Winters has a talent for imagery and her novel is riddled with eloquent descriptions of the wooded town of Elston that paint a vivid image in the reader’s mind and bring the story to life. She also has an eye for detail and includes several subtle references to brands that would have been commonly used at the time, such as the description of the “distinctive” sound of a Model T and the Canthrox soap that Hanalee uses, which helps transport the reader and make the story feel more realistic.
The challenge The Steep and Thorny Way faces is how to incorporate racial discrimination, internalized racism, homophobia, Prohibition, post-war economic troubles, and Hamlet into one novel. In some aspects, it gracefully combines several issues, such as how the end of World War One forced many families, like the Markses, to turn to “bootlegging” to survive. Winters also addresses the issue of internalized racism extraordinarily well and tactfully through the way Hanalee seems to idolize her mother’s and Fleur’s blonde hair and fair skin. She even manages to offer acceptance for Hanalee at the end of the story, which was refreshing and overall well done. Winters’s trouble begins when she tries to stay true to the plot of Hamlet. Hamlet has a very unique plotline that, frankly, is barely believable in the Bard’s version. With the KKK, Joe’s stories of eugenics in the prison system, and the murder of Hanalee’s father, the connections to Hamlet feel out of place and unnecessary. The story would have flown much better and made more sense if Winters had just loosely based it on Hamlet and abandoned certain elements, such as the ghost, that make it seem far fetched. She has so many elements to work with already that she even could have formulated a completely unique plot that still could have addressed the issues of 1920’s Oregon without the confusion that the Shakespeare element brings.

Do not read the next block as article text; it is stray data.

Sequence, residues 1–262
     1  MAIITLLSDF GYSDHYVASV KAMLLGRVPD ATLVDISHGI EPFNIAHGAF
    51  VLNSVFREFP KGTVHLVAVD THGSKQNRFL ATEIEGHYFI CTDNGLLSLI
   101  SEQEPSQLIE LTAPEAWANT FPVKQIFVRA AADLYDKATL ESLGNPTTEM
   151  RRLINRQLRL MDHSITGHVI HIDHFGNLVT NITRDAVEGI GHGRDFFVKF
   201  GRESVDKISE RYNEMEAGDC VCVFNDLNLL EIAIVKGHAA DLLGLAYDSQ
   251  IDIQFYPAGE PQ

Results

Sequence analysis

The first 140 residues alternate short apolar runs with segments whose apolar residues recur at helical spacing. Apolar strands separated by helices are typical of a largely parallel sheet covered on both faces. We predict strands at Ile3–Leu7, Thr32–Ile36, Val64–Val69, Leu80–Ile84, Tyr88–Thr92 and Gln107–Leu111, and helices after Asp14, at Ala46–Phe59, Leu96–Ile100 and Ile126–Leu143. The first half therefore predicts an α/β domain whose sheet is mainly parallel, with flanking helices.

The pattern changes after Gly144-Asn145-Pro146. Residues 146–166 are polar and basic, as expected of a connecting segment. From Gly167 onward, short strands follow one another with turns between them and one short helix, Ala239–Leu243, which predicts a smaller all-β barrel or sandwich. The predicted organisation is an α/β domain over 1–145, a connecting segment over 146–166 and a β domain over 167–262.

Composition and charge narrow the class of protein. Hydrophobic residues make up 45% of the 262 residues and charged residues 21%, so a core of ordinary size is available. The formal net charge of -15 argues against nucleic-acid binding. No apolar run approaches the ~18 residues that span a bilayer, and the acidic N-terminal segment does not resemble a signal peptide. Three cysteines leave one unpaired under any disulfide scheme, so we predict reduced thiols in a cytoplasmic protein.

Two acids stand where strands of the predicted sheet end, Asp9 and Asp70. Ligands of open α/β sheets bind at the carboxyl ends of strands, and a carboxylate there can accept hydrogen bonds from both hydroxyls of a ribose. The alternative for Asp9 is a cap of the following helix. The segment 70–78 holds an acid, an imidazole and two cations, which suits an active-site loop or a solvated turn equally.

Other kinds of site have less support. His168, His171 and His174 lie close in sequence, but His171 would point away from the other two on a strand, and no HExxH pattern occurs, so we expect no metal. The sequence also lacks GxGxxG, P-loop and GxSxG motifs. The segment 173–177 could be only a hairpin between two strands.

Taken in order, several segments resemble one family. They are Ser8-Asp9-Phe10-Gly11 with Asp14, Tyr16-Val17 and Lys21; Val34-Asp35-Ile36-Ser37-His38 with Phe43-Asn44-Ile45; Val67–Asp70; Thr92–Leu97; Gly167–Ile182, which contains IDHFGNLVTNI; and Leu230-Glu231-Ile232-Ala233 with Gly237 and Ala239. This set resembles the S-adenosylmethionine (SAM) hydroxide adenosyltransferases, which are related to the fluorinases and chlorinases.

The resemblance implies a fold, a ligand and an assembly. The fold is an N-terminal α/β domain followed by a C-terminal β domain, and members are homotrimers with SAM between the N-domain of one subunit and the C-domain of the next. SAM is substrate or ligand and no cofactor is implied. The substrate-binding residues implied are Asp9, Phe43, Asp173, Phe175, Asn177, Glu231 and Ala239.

The Steep and Thorny Way was an interesting read that did touch on a lot of major issues that are still problems in today’s society while also keeping the reader interested with a quick-paced plot and many twists. Despite its pitfalls, it is worth reading for those who have an interest in history and in exploring sides of the Roaring Twenties that are rarely discussed. – Paige P